At only about five inches long, the Peruvian anchoveta seems an unlikely contender for the title of the world's most heavily fished species, by weight. And yet, according to the United Nations Food and Agriculture Organization, the diminutive silver forager is “the most heavily exploited fish in world history,” with annual catches in Chile and Peru sometimes totaling more than 9 million tons. That's between two and three times the United States' annual catch of all fish species.
Most of that haul is caught in Peru, making the country the world’s top exporter of fishmeal for livestock and fish farms.
In April, the Government of Peru instituted fishing quotas to boost shoals of the depleted fishery. But Peruvian marine biologist Patricia Majluf is heading up another campaign to save the anchovy. The concept is to elevate the status of the fish from lowly fishmeal to a dinner table delicacy for local Peruvians.
At Co.Exist, Michael Coren explains:
Majluf, a former seal biologist, has single-handedly ignited a campaign to raise the status of the anchovy from lowly fish meal to a common foodstuff. To help, she’s recruited one of the most powerful emerging forces to shape public opinion in the last decade: celebrity chefs. "If you want to add value to produce, what better way to turn it into beautiful food," says Majluf. "You’re creating a lot of value." While a ton of fish meal might fetch several hundred dollars, the same fish sliced into fillets can be worth hundreds of times more.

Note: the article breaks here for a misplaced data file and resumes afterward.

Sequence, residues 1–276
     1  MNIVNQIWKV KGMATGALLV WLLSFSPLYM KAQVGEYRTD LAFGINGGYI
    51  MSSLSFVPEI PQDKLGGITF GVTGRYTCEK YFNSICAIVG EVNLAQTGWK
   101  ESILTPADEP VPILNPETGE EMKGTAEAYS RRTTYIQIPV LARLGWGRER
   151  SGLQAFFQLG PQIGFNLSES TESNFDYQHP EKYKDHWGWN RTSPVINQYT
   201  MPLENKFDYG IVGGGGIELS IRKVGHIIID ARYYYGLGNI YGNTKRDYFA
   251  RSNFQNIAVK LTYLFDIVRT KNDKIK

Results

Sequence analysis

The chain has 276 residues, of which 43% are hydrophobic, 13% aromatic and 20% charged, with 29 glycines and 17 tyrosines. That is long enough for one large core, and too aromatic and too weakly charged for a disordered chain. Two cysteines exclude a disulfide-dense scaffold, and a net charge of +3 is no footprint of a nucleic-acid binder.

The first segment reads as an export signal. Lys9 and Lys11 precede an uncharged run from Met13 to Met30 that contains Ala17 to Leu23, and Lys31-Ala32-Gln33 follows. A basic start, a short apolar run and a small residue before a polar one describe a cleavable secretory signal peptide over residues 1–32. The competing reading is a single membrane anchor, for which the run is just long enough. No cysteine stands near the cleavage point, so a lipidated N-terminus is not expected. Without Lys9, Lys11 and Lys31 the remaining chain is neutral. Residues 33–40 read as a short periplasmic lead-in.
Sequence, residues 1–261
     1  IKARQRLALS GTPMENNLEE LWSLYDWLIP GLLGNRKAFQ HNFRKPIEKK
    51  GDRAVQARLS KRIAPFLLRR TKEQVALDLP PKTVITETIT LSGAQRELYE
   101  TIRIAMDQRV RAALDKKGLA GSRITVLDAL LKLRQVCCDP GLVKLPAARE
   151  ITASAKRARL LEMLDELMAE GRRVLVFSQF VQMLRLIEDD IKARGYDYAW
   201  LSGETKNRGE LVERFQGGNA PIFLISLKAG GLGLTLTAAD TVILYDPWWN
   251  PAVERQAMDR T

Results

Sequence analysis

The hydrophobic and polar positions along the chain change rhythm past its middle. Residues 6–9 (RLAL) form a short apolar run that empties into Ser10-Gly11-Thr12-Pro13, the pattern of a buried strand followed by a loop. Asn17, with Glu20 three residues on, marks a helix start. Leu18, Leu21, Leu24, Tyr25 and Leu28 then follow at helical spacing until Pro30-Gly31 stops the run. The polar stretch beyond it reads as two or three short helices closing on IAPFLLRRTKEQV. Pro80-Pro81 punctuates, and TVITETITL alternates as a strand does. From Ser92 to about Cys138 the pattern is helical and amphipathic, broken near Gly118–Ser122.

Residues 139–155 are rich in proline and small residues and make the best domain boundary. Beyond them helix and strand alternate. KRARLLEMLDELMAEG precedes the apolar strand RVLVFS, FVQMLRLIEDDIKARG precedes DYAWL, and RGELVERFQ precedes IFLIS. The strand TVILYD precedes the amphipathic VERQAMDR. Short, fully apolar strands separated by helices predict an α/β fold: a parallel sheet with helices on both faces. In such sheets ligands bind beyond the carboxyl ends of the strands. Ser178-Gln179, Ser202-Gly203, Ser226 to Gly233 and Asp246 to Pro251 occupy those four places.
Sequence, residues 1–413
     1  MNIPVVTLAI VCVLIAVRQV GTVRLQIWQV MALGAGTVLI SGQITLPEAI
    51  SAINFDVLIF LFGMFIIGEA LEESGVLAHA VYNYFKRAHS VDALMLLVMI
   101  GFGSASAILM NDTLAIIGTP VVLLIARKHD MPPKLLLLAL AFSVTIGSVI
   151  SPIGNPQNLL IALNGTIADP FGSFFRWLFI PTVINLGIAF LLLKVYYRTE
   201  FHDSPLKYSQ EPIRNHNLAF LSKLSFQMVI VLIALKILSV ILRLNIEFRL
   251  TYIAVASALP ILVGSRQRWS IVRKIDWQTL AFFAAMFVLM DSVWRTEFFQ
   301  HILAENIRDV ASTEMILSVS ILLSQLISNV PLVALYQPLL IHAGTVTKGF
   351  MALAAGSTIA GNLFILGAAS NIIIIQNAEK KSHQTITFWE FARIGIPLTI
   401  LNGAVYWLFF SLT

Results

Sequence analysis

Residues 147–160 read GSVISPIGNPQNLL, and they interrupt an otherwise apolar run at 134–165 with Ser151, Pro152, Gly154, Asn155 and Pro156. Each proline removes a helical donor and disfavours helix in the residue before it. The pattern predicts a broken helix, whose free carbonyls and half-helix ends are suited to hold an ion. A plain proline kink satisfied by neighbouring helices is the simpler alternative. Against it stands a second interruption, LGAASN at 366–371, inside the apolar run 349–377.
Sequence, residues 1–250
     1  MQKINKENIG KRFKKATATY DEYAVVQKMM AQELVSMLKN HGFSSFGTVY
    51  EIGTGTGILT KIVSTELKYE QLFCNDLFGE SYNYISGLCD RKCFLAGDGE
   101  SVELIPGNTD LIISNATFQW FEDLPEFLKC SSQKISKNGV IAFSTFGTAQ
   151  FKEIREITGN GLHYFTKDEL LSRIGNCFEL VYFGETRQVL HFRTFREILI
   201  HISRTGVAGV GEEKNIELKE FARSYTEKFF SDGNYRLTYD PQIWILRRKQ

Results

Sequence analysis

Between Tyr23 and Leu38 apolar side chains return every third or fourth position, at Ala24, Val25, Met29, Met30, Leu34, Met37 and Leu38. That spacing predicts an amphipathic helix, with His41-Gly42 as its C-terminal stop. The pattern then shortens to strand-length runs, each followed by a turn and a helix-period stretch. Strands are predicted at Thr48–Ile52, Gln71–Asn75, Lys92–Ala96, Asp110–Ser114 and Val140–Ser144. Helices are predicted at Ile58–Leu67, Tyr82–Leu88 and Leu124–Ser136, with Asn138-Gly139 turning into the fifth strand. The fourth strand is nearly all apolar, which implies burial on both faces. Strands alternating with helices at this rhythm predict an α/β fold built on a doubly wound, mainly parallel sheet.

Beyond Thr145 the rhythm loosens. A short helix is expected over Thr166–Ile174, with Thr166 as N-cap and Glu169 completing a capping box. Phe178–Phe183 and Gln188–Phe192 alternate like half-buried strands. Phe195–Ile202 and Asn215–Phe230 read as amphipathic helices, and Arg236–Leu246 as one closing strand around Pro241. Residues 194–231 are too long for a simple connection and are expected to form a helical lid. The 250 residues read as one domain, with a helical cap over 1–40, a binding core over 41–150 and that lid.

Today, there is more achnoveta served to hungry Peruvians than ever before. During the last seven years, the percent of the fishery devoted to food has risen from less than 5 percent to more than 15 percent. This share contributes about one-third, or $3 billion, of the fishery’s total value.
Of course, managing the anchovy fisheries is challenge in a country where poverty and corruption is rampant:
"Poor people don’t care much about sustainability. They want to survive and feed their families," says Majluf. "You need to show that good governance and sustainable use of resources is good for everyone."
(via Fast Co.Exist)